WASHINGTON — Pope Francis touched down in Washington on Tuesday afternoon (Sept. 22) after a historic visit to Cuba, the first Latin American pope in history on his first trip to the U.S. He comes “as a migrant,” as a top papal aide put it, on a six-day visit filled with great expectations for the popular pontiff but also numerous challenges.
Among them are the sharp, even personal criticisms directed at him from American conservatives upset with his thundering pronouncements against economic injustice and climate change, and from conservative Catholics upset that his focus on the poor and marginalized is undercutting the Catholic Church’s focus on battling abortion and gay marriage.
Francis himself addressed those concerns even before he landed, telling reporters aboard the chartered Alitalia jet that everything he has said is in keeping with church teaching and laughing at repeated accusations that he is a communist or radical left-winger:
“I am certain I have never said anything more than what is in the social doctrine of the church,” Francis said, according to Catholic News Service. “I follow the church and in this I do not think I am wrong.
“Maybe I have given an impression of being a little bit to the left,” the pope conceded. “But if they want me to recite the creed, I can!”
People have all sorts of reasons to think “he’s communist or he’s not communist,” the pope said.
The pontiff’s remarks on the plane were the first indication of how he may handle the unprecedented expectations that became a central drama in the buildup to the trip.
Asked about whether he would call for the U.S. to end the economic embargo of Cuba when he speaks to a joint meeting of Congress on Thursday — a historic first — Francis indicated he would not and would leave that up to bilateral negotiations.
Francis played a key role in the diplomatic thaw between Washington and Havana; that was the main reason he visited Cuba first. Otherwise, he said, he would have entered the U.S. from Mexico to highlight the plight of immigrants — another hot-button topic he is expected to highlight.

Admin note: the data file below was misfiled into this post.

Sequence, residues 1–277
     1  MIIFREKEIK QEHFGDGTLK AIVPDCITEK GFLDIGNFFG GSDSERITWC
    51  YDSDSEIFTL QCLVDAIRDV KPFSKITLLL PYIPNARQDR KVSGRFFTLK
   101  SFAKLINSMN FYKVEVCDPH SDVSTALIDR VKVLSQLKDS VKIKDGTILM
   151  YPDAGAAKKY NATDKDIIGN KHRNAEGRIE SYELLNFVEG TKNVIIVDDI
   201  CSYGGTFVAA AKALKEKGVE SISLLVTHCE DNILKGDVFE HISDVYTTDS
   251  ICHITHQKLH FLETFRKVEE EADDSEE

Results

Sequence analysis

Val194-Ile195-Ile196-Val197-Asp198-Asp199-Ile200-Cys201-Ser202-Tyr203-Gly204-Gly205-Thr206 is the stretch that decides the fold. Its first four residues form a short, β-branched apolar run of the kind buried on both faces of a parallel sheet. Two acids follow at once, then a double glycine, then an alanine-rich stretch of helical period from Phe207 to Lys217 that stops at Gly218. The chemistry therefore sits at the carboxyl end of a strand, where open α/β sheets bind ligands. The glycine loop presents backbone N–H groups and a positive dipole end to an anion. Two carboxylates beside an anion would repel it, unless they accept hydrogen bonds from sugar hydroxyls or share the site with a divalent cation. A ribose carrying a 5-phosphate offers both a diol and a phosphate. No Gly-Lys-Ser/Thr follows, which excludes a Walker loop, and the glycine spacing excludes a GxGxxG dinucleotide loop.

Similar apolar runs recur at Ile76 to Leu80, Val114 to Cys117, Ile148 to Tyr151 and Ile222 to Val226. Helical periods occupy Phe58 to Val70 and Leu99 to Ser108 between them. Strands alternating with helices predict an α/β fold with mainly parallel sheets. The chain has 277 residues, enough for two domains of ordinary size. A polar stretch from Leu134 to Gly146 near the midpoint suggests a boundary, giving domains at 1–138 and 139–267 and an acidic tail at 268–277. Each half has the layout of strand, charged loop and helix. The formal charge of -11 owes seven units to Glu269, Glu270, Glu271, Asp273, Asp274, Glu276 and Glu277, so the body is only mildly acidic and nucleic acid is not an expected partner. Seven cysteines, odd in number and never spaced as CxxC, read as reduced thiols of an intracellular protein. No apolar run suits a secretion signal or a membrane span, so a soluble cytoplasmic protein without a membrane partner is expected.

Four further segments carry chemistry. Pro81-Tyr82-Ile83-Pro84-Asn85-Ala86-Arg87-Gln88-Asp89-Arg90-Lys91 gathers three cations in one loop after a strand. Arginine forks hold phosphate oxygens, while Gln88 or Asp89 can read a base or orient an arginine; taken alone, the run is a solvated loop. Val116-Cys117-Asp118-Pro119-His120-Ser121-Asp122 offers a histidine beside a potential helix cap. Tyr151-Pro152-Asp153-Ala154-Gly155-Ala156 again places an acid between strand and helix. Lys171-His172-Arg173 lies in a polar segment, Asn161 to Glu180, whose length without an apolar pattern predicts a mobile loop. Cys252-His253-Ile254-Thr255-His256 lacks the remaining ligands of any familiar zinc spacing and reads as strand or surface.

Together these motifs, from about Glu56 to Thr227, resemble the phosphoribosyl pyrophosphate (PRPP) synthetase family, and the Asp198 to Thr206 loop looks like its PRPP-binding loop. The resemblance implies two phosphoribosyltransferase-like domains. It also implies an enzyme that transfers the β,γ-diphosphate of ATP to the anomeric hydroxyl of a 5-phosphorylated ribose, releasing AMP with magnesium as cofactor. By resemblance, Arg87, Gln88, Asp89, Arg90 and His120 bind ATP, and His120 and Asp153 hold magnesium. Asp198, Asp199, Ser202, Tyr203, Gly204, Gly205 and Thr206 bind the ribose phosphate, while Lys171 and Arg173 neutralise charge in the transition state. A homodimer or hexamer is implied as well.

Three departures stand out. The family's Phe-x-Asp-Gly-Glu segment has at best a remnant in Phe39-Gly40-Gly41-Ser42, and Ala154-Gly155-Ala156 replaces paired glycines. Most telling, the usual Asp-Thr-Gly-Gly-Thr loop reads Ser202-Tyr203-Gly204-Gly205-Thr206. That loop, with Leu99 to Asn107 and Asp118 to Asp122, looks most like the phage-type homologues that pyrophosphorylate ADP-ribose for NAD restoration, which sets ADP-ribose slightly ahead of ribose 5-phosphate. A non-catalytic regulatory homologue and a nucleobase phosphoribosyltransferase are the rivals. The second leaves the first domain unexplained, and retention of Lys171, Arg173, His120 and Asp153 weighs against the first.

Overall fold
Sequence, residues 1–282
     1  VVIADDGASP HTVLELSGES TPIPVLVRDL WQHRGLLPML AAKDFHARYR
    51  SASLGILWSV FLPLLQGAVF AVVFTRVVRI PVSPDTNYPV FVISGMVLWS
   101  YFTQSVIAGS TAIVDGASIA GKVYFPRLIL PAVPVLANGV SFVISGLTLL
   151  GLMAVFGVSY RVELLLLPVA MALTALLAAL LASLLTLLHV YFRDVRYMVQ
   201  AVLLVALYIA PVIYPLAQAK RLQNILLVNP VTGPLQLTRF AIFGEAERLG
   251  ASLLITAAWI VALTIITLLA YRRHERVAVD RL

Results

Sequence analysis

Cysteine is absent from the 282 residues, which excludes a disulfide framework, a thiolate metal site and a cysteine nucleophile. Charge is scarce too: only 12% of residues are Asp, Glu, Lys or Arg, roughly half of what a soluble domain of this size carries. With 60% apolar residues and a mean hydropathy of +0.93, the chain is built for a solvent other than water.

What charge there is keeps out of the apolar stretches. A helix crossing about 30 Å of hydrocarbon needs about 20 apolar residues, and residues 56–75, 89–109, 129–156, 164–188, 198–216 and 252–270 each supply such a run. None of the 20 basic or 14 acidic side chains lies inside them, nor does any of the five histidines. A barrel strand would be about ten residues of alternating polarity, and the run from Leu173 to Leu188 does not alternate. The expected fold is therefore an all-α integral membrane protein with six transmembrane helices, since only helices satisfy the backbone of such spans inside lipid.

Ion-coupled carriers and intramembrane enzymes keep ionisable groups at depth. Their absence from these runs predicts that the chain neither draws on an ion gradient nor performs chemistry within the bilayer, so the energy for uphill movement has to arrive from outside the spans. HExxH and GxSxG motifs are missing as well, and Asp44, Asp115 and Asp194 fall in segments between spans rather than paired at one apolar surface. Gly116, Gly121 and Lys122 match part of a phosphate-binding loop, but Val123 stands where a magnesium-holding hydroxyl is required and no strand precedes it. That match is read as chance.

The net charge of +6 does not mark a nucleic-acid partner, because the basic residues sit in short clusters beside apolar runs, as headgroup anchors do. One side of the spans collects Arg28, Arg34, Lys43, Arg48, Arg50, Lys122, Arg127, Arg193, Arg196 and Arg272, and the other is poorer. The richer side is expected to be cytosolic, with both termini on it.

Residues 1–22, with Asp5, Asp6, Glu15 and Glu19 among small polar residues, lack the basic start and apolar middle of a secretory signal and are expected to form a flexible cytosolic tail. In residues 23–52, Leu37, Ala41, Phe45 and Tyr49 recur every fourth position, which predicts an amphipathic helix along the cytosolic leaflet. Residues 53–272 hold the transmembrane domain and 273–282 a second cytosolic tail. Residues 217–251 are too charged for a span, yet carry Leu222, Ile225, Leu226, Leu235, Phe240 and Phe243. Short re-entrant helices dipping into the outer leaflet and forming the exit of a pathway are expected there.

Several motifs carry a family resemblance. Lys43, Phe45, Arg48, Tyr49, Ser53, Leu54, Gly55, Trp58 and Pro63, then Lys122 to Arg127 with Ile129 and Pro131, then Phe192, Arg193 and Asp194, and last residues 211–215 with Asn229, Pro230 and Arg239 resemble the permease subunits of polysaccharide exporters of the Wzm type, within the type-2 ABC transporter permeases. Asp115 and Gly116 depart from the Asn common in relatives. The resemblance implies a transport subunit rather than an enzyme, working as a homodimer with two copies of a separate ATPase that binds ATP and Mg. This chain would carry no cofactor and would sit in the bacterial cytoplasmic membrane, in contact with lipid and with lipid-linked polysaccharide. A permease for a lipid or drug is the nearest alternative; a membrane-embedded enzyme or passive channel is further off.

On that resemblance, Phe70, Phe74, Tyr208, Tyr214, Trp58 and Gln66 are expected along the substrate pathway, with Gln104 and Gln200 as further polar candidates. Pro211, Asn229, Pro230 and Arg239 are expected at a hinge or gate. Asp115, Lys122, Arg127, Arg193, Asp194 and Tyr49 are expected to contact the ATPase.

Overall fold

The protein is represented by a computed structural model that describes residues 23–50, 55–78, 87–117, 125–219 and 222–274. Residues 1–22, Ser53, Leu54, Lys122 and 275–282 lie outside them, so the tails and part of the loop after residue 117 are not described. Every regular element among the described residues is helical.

But how and where he does that has been a matter of heated conjecture, with pundits and politicians trying to predict what he will say, or will not say, and what it will mean for their particular agenda.
“It’s not an easy path he has to walk,” said John Thavis, longtime Vatican bureau chief for Catholic News Service and author of a new book, “The Vatican Prophecies.”
“If he pulls his punches on some of these issues, people are going to say he backed off his powerful message,” Thavis said. “But he has to avoid sounding accusatory, or landing in the middle of partisan politics.”
The pope may need divine intervention to pull that off.
Everyone in Washington, New York and Philadelphia — the three cities he will visit over the next few days before departing for Rome on Sunday night — has sought to either hitch his or her wagon to the pope’s popularity, or use him as a foil to make an argument.
Notable, for example, was the fact that both President Obama and Vice President Joe Biden, with their wives, welcomed the pope at Joint Base Andrews (formerly known as Andrews Air Force Base), an honor never before accorded visiting world leaders.
But it was also not a complete surprise, given that Obama has found himself, unexpectedly, in sync with the head of the Catholic Church on a host of issues.